Terry Pratchett has an answer for you. And the 0^{th} through ln(pi)^{th} mathematicians.
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 Monika
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Re: Favorite math jokes
Did we have any of the hot air balloon jokes already? One version of it:
A man is in a hot air balloon and realizes that he has lost his way. He reduces height. When he discovers another man on the ground he calls out to him: "Excuse me, can you h elp me? I promised a friend to meet him half an hour ago, but I don't know where I am."
The man on the ground thinks for a while and says then: "You're in a hot air balloon."
"You must be a mathematician."
"I am, how do you know?"
"You see, you needed forever to get a result. You answer is completely correct. And it is completely useless."
The mathematician replies: "You must be a manager."
"Oh yes, I am. How did you know?"
"You see, you don't know where you are and where you are going. You have promised something, you have no idea how to keep this promise, and you expect me to solve your problem. As a matter of fact you are in completely the same position as before meeting me, but somehow it is my fault now."
A sociologist, a physicist and a mathematician are on a train. They look out of the window and see a black sheep.
Sociologist: "There are black sheep here."
Physicist: "Nope. There is at least one black sheep."
Mathematician: "Still wrong. There is at least one sheep which is black on at least one side."
A priest, a physicist and a mathematician are standing on the 13th floor of a hotel when they notice it is burning. There is no way to flee, the staircase is alreay full of smoke. The only way out is to jump into the swimming pool.
The priest prays shortly and jumps  into the middle of the pool!
The physicist makes a rough calculation, jumps  and lands in the middle of the pool, too!
The mathematician calculates and calculates and calculates, the flames are coming closer and closer, when he finally jumps  and flies upwards to the sky!
Sign error.
A man is in a hot air balloon and realizes that he has lost his way. He reduces height. When he discovers another man on the ground he calls out to him: "Excuse me, can you h elp me? I promised a friend to meet him half an hour ago, but I don't know where I am."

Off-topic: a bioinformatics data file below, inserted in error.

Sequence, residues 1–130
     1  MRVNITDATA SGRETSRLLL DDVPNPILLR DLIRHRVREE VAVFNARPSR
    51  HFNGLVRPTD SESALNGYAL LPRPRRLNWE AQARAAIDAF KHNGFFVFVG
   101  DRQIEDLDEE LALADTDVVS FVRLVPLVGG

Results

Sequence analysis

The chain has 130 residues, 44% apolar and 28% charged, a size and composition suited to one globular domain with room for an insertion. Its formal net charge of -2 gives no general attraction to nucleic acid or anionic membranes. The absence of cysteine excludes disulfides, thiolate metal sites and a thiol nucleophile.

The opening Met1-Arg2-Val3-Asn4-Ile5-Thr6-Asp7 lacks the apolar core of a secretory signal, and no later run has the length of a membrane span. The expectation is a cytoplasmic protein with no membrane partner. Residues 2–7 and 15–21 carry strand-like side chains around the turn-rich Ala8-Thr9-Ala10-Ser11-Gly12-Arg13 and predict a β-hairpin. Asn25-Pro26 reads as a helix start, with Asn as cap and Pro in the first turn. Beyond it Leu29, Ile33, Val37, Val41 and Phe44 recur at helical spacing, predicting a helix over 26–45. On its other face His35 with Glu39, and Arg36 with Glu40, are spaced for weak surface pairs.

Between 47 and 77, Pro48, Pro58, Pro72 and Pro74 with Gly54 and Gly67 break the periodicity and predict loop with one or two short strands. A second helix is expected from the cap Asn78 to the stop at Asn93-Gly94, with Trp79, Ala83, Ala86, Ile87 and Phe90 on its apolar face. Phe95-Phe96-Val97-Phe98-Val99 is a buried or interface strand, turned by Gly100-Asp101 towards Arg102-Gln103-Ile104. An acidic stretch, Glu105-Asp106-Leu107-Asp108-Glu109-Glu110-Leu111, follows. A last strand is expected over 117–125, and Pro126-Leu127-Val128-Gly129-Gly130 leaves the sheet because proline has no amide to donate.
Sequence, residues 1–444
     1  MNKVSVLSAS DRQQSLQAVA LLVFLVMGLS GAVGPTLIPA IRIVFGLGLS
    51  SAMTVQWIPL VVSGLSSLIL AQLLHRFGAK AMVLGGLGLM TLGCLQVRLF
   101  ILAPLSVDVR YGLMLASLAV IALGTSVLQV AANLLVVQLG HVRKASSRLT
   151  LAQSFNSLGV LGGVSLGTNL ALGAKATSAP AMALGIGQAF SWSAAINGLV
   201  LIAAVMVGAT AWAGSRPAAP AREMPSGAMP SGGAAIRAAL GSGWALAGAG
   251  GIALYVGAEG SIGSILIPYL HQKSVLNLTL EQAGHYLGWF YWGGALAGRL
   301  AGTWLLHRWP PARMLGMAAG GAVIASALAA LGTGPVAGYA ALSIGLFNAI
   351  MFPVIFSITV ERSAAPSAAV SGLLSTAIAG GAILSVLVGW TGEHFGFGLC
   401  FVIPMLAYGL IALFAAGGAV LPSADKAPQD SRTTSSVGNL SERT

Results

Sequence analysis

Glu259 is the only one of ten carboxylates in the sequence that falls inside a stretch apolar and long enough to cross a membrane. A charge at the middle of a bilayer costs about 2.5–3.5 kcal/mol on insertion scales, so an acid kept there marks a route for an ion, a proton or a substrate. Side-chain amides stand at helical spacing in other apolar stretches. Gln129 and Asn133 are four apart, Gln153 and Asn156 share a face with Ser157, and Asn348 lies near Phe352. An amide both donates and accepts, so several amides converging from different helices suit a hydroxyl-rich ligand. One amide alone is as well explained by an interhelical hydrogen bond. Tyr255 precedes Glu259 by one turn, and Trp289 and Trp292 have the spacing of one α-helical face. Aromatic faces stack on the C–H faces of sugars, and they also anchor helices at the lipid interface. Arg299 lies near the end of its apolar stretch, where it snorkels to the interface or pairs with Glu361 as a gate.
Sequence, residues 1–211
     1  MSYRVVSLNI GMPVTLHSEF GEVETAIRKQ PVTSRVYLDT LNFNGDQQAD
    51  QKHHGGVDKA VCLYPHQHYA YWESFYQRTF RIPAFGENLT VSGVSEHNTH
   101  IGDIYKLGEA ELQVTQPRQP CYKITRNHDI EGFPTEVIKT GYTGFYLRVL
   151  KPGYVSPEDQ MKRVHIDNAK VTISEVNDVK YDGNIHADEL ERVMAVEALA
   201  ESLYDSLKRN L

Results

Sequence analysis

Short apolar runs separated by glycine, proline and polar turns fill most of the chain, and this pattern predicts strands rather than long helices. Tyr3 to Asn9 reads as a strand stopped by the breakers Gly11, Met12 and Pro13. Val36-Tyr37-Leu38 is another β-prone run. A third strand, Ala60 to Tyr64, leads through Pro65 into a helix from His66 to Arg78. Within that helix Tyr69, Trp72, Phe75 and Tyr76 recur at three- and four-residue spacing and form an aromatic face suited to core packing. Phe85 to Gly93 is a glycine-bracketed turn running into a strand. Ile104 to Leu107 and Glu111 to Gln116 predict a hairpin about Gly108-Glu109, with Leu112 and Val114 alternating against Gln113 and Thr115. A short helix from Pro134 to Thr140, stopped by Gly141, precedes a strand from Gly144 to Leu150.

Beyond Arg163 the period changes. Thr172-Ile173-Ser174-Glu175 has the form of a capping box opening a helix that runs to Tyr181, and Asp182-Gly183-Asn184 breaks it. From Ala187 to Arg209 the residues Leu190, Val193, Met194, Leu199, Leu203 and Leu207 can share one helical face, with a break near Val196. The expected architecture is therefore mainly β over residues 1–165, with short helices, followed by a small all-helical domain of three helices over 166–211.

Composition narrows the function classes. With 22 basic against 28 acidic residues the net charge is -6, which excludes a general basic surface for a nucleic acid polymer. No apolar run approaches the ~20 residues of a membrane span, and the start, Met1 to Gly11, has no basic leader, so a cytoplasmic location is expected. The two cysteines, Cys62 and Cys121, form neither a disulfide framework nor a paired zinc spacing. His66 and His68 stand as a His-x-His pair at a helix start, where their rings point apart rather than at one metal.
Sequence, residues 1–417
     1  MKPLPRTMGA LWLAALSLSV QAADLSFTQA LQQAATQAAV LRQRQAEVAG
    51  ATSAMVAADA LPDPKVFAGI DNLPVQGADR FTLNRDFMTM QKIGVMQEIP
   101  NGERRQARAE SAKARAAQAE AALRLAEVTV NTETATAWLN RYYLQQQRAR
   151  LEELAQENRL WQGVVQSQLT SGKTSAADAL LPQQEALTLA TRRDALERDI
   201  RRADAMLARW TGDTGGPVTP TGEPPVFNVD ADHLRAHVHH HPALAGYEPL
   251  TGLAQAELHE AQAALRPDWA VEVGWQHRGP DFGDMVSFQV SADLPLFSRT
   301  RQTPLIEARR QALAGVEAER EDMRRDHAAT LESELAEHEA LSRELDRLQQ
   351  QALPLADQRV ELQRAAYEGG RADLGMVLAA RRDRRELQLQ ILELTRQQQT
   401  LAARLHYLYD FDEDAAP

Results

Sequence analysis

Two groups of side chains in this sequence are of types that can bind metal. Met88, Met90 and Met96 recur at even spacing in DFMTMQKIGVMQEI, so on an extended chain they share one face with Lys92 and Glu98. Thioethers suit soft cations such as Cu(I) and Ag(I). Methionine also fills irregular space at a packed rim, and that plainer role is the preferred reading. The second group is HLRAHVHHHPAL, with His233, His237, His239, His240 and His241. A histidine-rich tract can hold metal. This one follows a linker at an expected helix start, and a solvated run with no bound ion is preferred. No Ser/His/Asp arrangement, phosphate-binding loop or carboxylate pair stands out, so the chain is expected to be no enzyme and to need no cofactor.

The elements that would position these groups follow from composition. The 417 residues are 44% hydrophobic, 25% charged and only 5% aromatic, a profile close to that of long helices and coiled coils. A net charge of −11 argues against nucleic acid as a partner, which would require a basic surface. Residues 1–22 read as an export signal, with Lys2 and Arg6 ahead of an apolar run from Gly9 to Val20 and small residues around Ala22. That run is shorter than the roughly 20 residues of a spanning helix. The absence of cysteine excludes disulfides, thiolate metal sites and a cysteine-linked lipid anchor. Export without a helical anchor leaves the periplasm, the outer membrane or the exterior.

The man on the ground thinks for a while and says then: "You're in a hot air balloon."
"You must be a mathematician."
"I am, how do you know?"
"You see, you needed forever to get a result. You answer is completely correct. And it is completely useless."
The mathematician replies: "You must be a manager."
"Oh yes, I am. How did you know?"
"You see, you don't know where you are and where you are going. You have promised something, you have no idea how to keep this promise, and you expect me to solve your problem. As a matter of fact you are in completely the same position as before meeting me, but somehow it is my fault now."
A sociologist, a physicist and a mathematician are on a train. They look out of the window and see a black sheep.
Sociologist: "There are black sheep here."
Physicist: "Nope. There is at least one black sheep."
Mathematician: "Still wrong. There is at least one sheep which is black on at least one side."
A priest, a physicist and a mathematician are standing on the 13th floor of a hotel when they notice it is burning. There is no way to flee, the staircase is alreay full of smoke. The only way out is to jump into the swimming pool.
The priest prays shortly and jumps  into the middle of the pool!
The physicist makes a rough calculation, jumps  and lands in the middle of the pool, too!
The mathematician calculates and calculates and calculates, the flames are coming closer and closer, when he finally jumps  and flies upwards to the sky!
Sign error.
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Re: Favorite math jokes
Monika wrote:The mathematician replies: "You must be a manager."
"Oh yes, I am. How did you know?"
"You see, you don't know where you are and where you are going. You have promised something, you have no idea how to keep this promise, and you expect me to solve your problem. As a matter of fact you are in completely the same position as before meeting me, but somehow it is my fault now."